of the Earth Japan will be visiting Ynys Môn and Gwynedd between November
18 and20. During her visit, Ayumi will discuss their campaigning in Japan
against exporting Hitachi and Toshiba nuclear technology to Wales and
England. She will also explain how their campaign focusses on halting JBIC,
Japan Bank for International Cooperation and NEXI, Nippon Export and
Investment Insurance finance and insurance for nuclear power projects
outside Japan.

November 16, 2017 Posted by | Japan, opposition to nuclear, UK | Leave a comment

Anger in Scotland, as UK’s Ministry of Defence plans big expansion at Trident nuclear bases

Herald 12th Nov 2017, MoD under fire over plans for huge expansion of Scottish nuke bases
Revelations that the Ministry of Defence is planning 14 major new
developments at the Trident nuclear bases on the Clyde have sparked fierce

Details released under freedom of information law shows that the
MoD is aiming to complete a “nuclear infrastructure” project at Faslane
by 2027 and a similarly named project at Coulport by 2030. Faslane on the
Gareloch is the home port for the UK’s four Trident nuclear submarines,
and Coulport nearby on Loch Long is where the nuclear warheads are stored.

The SNP has attacked the nuclear projects as “massively waste and
expensive”. It pointed out that over 120 countries had recently backed a
new United Nations’ treaty banning nuclear weapons. “Not only is
Westminster intent on ignoring the recently passed UN treaty, it is
continuing to ignore its own commitment under the Nuclear Non-proliferation
Treaty to reduce and then eliminate its nuclear arsenal,” said SNP MSP
and leading nuclear disarmament campaigner, Bill Kidd. “Britain and the
other four members of the original nuclear club on the UN security council,
have no intention of ever giving up Trident. It’s this outrageous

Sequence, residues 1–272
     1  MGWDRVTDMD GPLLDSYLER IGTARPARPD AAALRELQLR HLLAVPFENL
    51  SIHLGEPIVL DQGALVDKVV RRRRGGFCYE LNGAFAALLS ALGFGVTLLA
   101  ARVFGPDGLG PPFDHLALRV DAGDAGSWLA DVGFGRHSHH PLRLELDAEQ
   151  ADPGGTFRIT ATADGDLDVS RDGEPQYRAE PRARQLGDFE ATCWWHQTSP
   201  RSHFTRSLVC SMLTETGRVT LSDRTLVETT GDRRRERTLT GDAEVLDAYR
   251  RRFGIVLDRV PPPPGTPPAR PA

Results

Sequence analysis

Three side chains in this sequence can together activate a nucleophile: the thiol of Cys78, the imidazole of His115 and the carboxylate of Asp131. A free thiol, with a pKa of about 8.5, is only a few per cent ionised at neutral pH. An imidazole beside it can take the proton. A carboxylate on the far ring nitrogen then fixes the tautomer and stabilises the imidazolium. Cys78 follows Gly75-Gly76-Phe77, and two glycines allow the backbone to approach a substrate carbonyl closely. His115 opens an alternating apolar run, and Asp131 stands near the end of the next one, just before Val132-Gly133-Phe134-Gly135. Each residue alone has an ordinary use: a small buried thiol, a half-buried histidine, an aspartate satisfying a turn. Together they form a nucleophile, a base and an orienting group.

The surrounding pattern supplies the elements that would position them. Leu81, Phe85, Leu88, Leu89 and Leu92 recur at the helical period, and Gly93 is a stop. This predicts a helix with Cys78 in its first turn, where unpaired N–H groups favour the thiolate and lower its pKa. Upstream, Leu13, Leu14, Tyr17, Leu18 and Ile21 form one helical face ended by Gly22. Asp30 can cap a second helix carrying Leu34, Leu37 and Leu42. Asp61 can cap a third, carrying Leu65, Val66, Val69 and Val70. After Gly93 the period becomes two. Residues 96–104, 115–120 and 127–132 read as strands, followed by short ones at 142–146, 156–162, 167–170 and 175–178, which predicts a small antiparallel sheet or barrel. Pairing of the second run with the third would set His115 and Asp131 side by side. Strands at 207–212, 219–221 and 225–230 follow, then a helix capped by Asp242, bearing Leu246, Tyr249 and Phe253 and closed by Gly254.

arrogance that has let the nuclear genie out of the bottle in North

November 13, 2017 Posted by | opposition to nuclear, UK | Leave a comment

Huge protest in Tokyo, against Japan weakening its pacifist Constitution

40,000 protest Abe’s plans to revise Article 9 of Constitution, By HIROTAKA KOJO/ Staff Writer, November 4, 2017 About 40,000 people, including political party leaders, protested Prime Minister Shinzo Abe’s constitutional revision plans in front of the Diet building on Nov. 3, the 71st anniversary of the promulgation of the Constitution, organizers said.

Shouts of, “We are opposed to revising the Constitution” and “Protect Article 9,” echoed throughout the area in central Tokyo.

Participants at the rally, organized by a civic group, included Yukio Edano, head of the main opposition Constitutional Democratic Party of Japan, Kazuo Shii, chairman of the Japanese Communist Party, and Akira Kawasaki, a member of the International Steering Group of the International Campaign to Abolish Nuclear Weapons (ICAN), which won the Nobel Peace Prize this year.

The Abe administration plans to add wording to war-renouncing Article 9, which prohibits Japan from maintaining land, sea and air forces, to clarify the existence of the Self-Defense Forces.

Yuko Minami, a 30-year-old nursery school teacher from Fujimi, Saitama Prefecture, joined the protest with her workplace colleagues.

“First of all, I want the government to improve the environment for child-rearing,” she said. “But (the Abe administration) is going in the opposite direction by trying to revise Article 9.”

Another protester was Naoya Nakagawa, 90, a former university professor from Machida, western Tokyo.

“The current Constitution is the best in the world,” he said. “In order to keep it as it is, we have to change the politics that are trying to change the Constitution.”

November 6, 2017 Posted by | Japan, opposition to nuclear | Leave a comment

Nuclear Energy in Asia- some serious considerations – South Korea in particular

The Post-Fukushima Legacy: Nuclear Energy in Asia, South Korea’s Nuclear Energy Industry , Global Research  By Lauren Richardson and Mel Gurtov  November 03, 2017 The Asia-Pacific Journal: Japan Focus 1 November 2017